Light from the Sidra


Numbers 8:1-12:16.Haftarah:Zechariah 2:14 (10)-4:7

The Parasha this week signals the beginning of a dramatic change in Israel’s fortunes. There were problems when the people came out of Egypt. They murmured about the lack of food and water but God provided daily manna, and freshened the water at Marah by means of a tree. At Sinai, after the people committed themselves to obey all that Yahweh had said, Aaron fashioned a graven image which the people worshipped in contravention of Yahweh’s second commandment.

What strikes us when we read the early chapters of Numbers is the people's obedience to the words of Yahweh. The priests, the Levites and the people really do seem to be obedient to every mitzvot.

The camp of Israel has been at Sinai for a year, and they are approaching the first anniversary of the exodus from Egypt. Pesach is coming and the people appear enthusiastic about keeping the festival, so much so that some who have been rendered ceremonially unclean want some arrangement by which they may keep it without violating the words of Yahweh, and God allows them to observe the festival one month later, after they have been cleansed of defilement.  

The people need further instruction in the meaning of the Torah. If, as the Rabbis claim, Moses received the Oral Torah at Sinai, Israel would have had no need of extra revelation and instruction.

According to Pirke Avot, God committed to Moses the contents of the entire Talmud, which he passed on to Joshua, and so on. If that was the case, why did Moses have to seek further instruction on the observance of Pesach? Why did he, in chapter 27, have to receive clarification on inheritance laws on behalf of the daughters of Zelophehad? The faintest ink is better than the best memory and so God’s Torah – his instruction – was delivered in written form.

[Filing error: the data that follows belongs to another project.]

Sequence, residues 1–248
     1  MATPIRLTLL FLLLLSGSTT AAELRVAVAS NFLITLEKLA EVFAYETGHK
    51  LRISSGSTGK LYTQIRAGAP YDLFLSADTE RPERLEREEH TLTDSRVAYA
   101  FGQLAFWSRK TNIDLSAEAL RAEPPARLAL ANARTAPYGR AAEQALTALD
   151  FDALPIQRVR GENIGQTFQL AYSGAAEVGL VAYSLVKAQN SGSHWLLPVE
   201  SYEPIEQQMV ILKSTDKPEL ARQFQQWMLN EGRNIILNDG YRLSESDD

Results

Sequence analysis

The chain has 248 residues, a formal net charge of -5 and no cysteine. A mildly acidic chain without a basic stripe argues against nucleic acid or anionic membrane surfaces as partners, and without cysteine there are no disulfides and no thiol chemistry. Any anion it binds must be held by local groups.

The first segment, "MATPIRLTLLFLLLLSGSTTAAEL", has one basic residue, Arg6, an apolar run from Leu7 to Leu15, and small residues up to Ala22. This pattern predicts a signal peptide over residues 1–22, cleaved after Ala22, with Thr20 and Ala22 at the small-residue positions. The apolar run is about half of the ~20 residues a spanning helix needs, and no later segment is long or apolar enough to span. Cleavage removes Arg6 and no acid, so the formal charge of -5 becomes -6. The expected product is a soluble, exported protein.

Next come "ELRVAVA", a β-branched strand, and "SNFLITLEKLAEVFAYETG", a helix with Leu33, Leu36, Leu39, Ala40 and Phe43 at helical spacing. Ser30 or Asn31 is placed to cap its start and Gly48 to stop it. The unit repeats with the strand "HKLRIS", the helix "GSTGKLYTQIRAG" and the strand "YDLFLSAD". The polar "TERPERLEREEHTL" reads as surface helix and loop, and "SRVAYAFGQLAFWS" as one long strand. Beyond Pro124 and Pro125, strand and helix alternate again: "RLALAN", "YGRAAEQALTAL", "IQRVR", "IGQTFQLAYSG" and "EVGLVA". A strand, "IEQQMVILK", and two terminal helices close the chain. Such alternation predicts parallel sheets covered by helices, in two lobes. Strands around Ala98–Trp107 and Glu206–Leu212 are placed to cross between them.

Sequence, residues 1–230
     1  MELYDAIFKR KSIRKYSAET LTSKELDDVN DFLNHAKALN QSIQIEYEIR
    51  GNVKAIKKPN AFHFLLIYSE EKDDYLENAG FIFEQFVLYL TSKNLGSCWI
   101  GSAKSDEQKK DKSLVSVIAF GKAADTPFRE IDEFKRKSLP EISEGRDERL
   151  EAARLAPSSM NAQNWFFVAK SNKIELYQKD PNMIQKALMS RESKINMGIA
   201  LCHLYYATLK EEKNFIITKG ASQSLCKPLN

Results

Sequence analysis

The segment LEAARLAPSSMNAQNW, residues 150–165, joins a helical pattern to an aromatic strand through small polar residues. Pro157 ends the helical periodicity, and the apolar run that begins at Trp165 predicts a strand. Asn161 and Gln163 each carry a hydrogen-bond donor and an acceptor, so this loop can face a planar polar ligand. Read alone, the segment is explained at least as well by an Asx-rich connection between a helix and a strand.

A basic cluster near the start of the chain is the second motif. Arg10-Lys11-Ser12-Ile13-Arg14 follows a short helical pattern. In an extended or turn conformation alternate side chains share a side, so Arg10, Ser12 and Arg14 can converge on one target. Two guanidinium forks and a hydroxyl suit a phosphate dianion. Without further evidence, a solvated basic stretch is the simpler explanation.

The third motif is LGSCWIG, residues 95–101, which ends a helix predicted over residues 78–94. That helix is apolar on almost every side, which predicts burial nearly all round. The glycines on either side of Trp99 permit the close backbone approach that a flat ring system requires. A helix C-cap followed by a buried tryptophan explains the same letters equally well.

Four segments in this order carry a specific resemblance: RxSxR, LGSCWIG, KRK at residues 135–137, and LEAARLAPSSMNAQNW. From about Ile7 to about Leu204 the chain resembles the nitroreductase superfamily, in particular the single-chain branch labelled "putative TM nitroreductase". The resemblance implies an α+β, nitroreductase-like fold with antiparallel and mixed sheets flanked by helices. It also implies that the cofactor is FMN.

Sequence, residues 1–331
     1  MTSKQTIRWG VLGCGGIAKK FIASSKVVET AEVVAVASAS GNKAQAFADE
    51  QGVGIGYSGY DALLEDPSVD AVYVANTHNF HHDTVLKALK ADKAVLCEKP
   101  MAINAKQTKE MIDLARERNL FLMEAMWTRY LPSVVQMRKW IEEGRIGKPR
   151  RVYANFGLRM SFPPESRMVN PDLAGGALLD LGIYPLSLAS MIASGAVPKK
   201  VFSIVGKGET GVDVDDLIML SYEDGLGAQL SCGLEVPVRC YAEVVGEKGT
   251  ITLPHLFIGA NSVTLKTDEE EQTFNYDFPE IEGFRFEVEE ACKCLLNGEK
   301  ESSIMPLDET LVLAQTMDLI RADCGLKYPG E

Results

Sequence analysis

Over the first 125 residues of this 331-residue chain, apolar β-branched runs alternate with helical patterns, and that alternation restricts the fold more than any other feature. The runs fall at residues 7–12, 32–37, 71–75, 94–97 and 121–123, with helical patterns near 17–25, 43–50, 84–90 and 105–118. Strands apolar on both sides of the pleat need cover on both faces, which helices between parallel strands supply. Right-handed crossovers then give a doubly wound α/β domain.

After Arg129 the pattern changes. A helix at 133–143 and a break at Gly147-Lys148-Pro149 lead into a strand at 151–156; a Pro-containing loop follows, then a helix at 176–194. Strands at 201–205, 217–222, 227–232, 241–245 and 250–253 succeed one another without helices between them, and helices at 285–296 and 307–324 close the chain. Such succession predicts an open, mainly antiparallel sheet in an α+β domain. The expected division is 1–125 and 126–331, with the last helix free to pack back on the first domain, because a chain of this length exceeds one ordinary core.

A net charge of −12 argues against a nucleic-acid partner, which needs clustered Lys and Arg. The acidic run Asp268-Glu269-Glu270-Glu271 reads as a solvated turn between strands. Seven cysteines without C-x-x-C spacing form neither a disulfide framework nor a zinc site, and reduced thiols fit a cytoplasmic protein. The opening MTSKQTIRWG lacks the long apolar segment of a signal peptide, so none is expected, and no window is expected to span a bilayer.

Israel was God’s new humanity. When God created man, he placed him in a garden and met with him there. His instruction to Adam to subdue the earth suggests that the world outside Gan Eden an uncultivated wilderness, which Adam had to tame. Adam received God’s torah in the Garden and, in the heart of the garden, was the Tree of Life.  

The camp of Israel, with the tabernacle in the midst, was like the Garden of Eden in the midst of a wilderness, and the Menorah was like the tree of Life. The tabernacle was where God met with man and man met with God. So far, so good. However, chapter 11 starts with a complaint that centres around food. God provided manna for the people every day. If they followed his instruction, they would have enough food to satisfy them.  

In Eden, Adam and Eve were not satisfied with the fruit of the trees of the garden; they wanted to eat from the tree of the knowledge of good and evil. In the wilderness, Israel wants cucumbers, melons, leeks, onions and garlic, all of them tasty but none of them substantial enough to satisfy a hunger! They are heading for a fall. Just as there were consequences for eating from the forbidden tree in Eden, there were consequences for complaining against God. A plague (a reminder of what happened to the Egyptians) comes upon the people. They are out of Egypt but Egypt is not out of them.

Like the first humans, the new humanity has fallen. As in Eden, the consequence of Israel’s fall is plague and division: Miriam and Aaron suddenly reveal that they have issues with the authority bestowed on their kid brother Moses.

From this point, it’s downhill all the way. But even though the people are unfaithful to their God and suffer serious consequences, their God will remain faithful to his people and to his promises to bless the nations through them.

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